Nothing in this blog can be believed. If you think that anything in this blog is true or factual, you'll need to verify it from another source. Do you understand? No? Then read it again, and repeat this process, until you understand that you cannot sue me for anything you read here. Also, having been sucked into taking part in the mass-murder of more than 3 million Vietnamese people on behalf of U.S. Big Business "interests", I'm as mad as a cut snake (and broke) so it might be a bit silly to try to sue me anyway...

Wednesday, May 18, 2005

more good news arrived at 4.19am...

That's the time GreenSmile posted a comment on an earlier post. The information provided was so good I thought it deserved a whole new post all of its own, so here it is:

General Electric, the world's largest company by market value, has decided to go seriously green. And I mean seriously green.

This can only be good. Some will argue that GE may not be too serious about it, that they will just go through the motions, but I think that would be missing the real importance of GE's stated commitments and plans. These will soon translate into GE claiming all sorts of green credentials. These credentials will become linked with GE's brand identity. Once this happens, GE cannot afford to have too much bad publicity with regard to its green-ness and this will give environmental watchdogs huge power in keeping GE honest, accountable and compliant. These are all good things.

Of course they're still just doing it for the profit motive and so they'll still need to be hounded and policed about their other global social responsibilities so there's still along way to go. But this is an encouraging step in the right direction.

And another thing: Because GE is so big it sets a huge example and it's competitors will be under huge pressure to clean their act up as well. Yes, this is a good thing.

Recantation: I don't know what got into me. Perhaps it was optimistic delusion, a momentary lapse of reason. So desperate was I to find something good about the corporate world that this article snuck in under my skeptic's radar. I had momentarily become blinded by belief.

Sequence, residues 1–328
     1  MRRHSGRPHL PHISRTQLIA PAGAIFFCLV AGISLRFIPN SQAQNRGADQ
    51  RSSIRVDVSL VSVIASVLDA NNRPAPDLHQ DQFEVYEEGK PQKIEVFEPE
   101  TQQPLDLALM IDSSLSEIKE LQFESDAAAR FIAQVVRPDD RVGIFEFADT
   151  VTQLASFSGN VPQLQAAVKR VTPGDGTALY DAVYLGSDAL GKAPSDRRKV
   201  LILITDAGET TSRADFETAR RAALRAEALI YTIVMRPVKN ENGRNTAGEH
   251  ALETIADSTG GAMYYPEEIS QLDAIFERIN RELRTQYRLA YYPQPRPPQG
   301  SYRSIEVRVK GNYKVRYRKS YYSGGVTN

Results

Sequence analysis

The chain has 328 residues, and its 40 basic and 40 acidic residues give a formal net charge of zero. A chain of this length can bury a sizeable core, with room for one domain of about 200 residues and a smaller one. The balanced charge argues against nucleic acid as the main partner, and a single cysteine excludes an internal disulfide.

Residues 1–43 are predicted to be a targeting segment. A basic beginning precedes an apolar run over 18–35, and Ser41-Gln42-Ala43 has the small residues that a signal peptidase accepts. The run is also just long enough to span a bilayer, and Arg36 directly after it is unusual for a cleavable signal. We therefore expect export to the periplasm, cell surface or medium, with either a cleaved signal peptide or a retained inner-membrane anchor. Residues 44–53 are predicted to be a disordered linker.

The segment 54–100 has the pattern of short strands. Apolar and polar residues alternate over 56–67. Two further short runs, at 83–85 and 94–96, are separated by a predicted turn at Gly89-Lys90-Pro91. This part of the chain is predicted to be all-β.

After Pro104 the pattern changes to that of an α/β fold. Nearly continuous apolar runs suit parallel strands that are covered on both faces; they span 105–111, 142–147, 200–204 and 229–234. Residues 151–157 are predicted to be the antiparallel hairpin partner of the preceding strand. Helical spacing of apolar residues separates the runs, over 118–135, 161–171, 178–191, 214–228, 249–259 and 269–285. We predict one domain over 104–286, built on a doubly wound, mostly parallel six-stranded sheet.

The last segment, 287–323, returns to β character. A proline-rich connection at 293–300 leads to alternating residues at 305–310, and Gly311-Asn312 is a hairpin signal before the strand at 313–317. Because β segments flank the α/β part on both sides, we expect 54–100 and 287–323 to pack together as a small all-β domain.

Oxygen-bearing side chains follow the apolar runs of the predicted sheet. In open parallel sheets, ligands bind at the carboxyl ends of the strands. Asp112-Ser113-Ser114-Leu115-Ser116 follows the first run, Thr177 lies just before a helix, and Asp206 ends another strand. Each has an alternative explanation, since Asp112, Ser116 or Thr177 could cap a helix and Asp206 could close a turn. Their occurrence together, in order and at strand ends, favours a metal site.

I promise it won't happen again. And if it does it will only be because of my early childhood brainwashing experiences at the hands of a religion which sought to program me to be a blind believer, nay, a bigot who throws reason to the wind.

But my recantation would not be complete without an admission of the particulars of my act of heresy: I was guilty of forgetting that the corporation has one purpose, and one purpose only, enshrined in corporate law, and that is to generate as much money as possible for its shareholders. I was also guilty of forgetting that a corporation must not perform any charitable acts, or acts of benevolence, or acts of social responsibility, unless these can be shown to ultimately result in more money for the shareholders. Furthermore, I had forgotten that corporations now have the protection of the World Trade Organisation (WTO) which has such vast powers that it now actually crafts the legislation of nations, imposing on them the protections and exemptions necessary for the corporations to make as much money as possible for their shareholders.

Forgive me, readers, for I have sinned...

8 Comments:

Anonymous paperwight said...

I'm at best cautiously optimistic about the GE effort. Without really digging into specific issues, it's hard to tell how good it will be, and I have grave concerns about the use of patents by GE and other megacorps to stifle innovation in this area.

May 19, 2005 5:49 AM  
Blogger Gerry said...

Bingo! Oh wretched one, I think you've hit the nail right on the head. My optimism was founded in ignorance and naïveté. I somehow knew I was being too generous with my positivity.

As I was reading the article I was trying to find an evil motive for their "green-ness" and you've highlighted one. Of course! The bastards are saying "We have to stitch this area up with patents. Once we've done that, we can either opt for making megabucks from our patents dominance or we can bury the patents and continue to make money as per normal." I fogot the prime directive governing corporations: Control the game in order to guarantee and maximise your profits.
This is just GE trying to control the "green" game. "If we can't squash it, we'll own it!"

To digress into the patent area for a bit: There ought to be a "use it now or lose it" clause in patent law. As well as a clause that limits the amount of monopolistic power a corporation can derive from a patent. Perhaps a law compelling them to make 50% of their money from a patent by selling the patent rights (or royalties) in a non-collusive way. And another law limiting patent protection to 200% of their R&D costs for that patent.